Steve Milton, who does criticize this team from time to time, does so with such skill and knowledge that his opinion and articles are held in such esteem by those who follow Hamilton football. Even if I don't agree with his thoughts from time to time, Steve does make me stop and think. That to me, is the sign of a great writer.

You know, I hesitantly started this thread thinking I might be somehow 'slammed' for my thoughts. I'm really grateful that did not happen.

I agree with Bob. If converts are a 'gimmee' (not to often missed) why not eliminate them? Give the scoring team the option of risking a point by choosing to go for the 2 point convert. I know it does happen from time to time, but really a missed convert is a very rare occurrence.

BTW I know what Radley's job is. Unfortunately being a 'controversial' character is not often a very rewarding vocation.


I'm all in favour of the rouge in all its forms. I'd like to see its role strengthened.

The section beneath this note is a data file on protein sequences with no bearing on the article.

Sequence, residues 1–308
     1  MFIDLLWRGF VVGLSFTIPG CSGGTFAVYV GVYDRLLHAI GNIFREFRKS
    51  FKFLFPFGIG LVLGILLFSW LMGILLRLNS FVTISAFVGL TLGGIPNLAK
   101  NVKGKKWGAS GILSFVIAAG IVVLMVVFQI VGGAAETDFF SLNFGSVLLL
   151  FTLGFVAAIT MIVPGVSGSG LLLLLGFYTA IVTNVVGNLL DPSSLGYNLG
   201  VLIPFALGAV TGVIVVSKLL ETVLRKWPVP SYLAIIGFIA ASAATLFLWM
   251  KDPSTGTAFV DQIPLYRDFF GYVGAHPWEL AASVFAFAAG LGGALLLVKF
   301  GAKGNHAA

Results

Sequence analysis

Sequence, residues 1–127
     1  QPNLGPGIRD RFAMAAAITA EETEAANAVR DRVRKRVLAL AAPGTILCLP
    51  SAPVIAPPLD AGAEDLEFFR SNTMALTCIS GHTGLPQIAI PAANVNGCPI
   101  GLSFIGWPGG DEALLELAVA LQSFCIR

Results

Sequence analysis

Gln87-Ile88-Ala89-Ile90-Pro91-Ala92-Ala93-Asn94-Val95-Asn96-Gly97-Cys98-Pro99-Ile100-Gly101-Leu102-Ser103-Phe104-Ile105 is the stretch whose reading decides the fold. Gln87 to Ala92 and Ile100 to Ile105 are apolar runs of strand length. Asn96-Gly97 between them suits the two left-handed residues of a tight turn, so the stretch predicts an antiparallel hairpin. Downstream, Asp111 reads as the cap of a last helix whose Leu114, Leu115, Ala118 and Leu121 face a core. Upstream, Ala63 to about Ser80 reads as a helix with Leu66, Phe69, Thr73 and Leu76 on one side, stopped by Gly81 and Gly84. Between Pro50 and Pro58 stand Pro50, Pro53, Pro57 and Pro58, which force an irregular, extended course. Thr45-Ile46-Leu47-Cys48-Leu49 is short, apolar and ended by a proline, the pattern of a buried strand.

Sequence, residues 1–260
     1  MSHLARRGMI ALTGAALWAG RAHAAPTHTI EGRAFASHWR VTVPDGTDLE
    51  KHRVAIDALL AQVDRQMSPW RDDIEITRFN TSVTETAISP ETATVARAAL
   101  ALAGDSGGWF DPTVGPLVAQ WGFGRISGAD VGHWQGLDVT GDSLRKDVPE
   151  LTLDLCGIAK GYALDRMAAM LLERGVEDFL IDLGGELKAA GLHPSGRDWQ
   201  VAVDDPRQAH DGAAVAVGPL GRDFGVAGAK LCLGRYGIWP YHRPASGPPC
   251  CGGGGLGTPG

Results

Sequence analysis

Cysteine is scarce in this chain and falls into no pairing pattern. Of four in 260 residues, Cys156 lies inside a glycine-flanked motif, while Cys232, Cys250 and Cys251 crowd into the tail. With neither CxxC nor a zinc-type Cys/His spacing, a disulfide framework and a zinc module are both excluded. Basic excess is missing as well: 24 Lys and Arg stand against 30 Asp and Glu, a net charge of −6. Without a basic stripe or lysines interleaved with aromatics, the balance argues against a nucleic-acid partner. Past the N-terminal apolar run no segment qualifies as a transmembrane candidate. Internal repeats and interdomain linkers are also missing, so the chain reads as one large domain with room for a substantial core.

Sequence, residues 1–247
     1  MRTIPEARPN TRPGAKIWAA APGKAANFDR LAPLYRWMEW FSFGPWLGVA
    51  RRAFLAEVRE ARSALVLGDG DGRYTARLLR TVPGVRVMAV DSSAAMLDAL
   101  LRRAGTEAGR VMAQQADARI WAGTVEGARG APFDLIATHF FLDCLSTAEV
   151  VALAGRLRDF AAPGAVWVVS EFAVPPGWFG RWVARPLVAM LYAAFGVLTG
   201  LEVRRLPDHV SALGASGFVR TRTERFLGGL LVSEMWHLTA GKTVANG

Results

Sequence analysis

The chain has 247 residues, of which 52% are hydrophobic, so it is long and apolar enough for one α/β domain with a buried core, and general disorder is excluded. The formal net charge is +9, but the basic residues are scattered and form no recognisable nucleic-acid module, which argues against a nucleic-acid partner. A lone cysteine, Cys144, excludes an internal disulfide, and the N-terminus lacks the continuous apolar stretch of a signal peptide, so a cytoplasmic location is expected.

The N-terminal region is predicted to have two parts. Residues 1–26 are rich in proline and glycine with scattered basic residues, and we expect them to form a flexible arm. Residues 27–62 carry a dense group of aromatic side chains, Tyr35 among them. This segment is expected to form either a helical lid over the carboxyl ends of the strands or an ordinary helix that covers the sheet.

Rather than eliminate it after a TD, I'd move the line of scrimmage back so it wouldn't be such a "gimme".

To encourage returns and reduce the frequency of returners conceding a point on a kick into the end zone, on a missed FG from the 35 or further out I'd make it a two-pointer. Same thing on a punt of 50 yards or more into the end zone and not returned.


are you suggesting that if the scoring team chooses to go for a two point convert, and misses, are deducted a point?

My idea would be to maintain the extra point (5 yd scrimmage) as is, and two-point conversion as is, yet also provide an additional option for a two point conversion from a 35+ yd. scrimmage, or something to that effect.

such varied options late in the game would further cement the CFL adage "no lead is safe"

Yes that is what I was thinking. Since a single point convert is very rarely missed, why have it in the first place? All it does is add to the length of games without much in the way of reward (excitement). I also like your suggestion for making a 35 yard try an option as well. Again, the scoring team would be guaranteed only six points for the TD, but if successful from 35 yards the convert would be for 2 points. Just as is the case with current 2 point converts (which result in either a fumble or int), the defending team would have the ability of running back a wide attempt for 2 points for themselves.